Reinforcement learning (RL) has recently demonstrated unprecedented success in playing games such as Chess, Go and Starcraft. Based on machine learning, RL uses observations of its environment and a reward to learn how to act to achieve a predefined goal. In this research, a class of predator prey-problems are considered, where the predators are trying to capture and kill a highly agile prey, before it escapes or reaches a safe-zone.
 
In this work, the aim is to demonstrate a RL approach, which can be used to coordinate a team of slower and less agile predators, to kill superior prey before it reaches its safe-zone. Initially, a predator and prey are faced towards each other, and by making the prey perform a turn just before the predator tries to capture it, it stresses the predator's speed and agility disadvantage. The success and failure conditions of this scenario were analysed, and it was determined that a single predator cannot reliably capture an agile prey. Additionally, preliminary results from the RL approach indicates it is capable of coordinating multiple agents to effectively capture the prey in this scenario.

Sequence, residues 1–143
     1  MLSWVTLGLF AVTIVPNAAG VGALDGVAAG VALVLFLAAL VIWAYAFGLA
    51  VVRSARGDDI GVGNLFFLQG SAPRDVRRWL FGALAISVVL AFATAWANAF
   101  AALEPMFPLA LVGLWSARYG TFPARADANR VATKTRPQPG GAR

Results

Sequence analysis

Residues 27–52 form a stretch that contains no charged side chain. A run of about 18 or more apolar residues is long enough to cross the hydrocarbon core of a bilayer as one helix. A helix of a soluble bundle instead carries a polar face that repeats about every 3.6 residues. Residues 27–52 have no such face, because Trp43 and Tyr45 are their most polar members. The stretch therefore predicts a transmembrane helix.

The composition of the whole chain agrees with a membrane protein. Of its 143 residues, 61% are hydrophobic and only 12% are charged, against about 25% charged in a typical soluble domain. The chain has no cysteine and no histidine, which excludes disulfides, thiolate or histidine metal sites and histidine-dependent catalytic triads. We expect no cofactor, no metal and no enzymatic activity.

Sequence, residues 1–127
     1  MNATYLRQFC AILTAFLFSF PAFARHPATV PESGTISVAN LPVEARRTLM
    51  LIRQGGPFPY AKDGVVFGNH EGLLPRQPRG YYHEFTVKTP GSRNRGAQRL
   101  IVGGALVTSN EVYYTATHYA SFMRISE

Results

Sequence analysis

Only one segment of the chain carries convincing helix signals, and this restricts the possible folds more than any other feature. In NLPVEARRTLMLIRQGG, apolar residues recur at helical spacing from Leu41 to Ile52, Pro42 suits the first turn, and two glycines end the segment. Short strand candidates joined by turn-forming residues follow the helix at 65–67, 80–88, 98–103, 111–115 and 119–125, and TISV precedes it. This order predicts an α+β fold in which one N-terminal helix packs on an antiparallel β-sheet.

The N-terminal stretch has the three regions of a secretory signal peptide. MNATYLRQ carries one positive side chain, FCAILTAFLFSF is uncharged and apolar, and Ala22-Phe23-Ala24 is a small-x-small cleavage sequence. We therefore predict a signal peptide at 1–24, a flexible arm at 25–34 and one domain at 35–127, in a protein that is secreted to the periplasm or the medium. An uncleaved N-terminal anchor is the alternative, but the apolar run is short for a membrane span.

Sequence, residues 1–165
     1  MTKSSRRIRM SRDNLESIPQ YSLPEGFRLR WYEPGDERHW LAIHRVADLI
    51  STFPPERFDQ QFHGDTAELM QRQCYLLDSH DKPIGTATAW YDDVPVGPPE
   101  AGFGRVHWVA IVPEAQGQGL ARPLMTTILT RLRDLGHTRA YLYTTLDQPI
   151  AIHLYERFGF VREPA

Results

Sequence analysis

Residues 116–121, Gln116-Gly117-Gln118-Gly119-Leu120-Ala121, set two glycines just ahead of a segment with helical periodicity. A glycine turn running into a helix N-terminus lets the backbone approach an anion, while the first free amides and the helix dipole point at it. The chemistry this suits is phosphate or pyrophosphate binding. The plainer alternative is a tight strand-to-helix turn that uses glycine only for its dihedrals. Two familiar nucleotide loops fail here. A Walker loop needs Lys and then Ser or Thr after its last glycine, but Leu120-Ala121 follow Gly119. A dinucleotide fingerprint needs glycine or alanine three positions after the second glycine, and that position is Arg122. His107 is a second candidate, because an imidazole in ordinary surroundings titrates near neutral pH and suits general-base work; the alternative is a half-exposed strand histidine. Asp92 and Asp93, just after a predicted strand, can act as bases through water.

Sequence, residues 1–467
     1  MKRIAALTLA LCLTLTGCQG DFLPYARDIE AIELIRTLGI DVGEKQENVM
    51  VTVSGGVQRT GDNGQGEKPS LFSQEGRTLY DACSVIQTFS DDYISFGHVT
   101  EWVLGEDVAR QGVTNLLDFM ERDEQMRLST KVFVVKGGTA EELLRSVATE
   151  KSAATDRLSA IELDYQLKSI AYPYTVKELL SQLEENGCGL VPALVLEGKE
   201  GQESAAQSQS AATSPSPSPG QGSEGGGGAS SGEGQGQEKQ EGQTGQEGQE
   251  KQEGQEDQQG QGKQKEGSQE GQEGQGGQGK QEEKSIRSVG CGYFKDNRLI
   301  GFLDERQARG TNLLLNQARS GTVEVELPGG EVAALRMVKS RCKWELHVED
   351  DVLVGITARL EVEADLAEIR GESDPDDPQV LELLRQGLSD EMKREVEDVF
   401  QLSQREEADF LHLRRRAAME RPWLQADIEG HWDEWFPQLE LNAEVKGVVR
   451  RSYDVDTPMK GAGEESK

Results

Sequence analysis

A RL algorithm is applied to a team of predators to coordinate their actions with the goal to capture the prey. A complex set of mathematical equations derived from the kinematic (motion) limits of the predator and prey, have been developed to determine the area a single predator can cover. This allows for the defensive region against the prey to be strategically mapped and analysed in real-time.
 
Future work involves implementing the RL algorithm in multiple predators to defeat a prey, demonstrating the successful capture in a multiple drone combat scenario and improving the algorithms robustness across multiple scenarios.

Pop Psych: The Impact of Music and Lyrics on Emotion

Jones, Nathan
Faculty of Health & Medical Sciences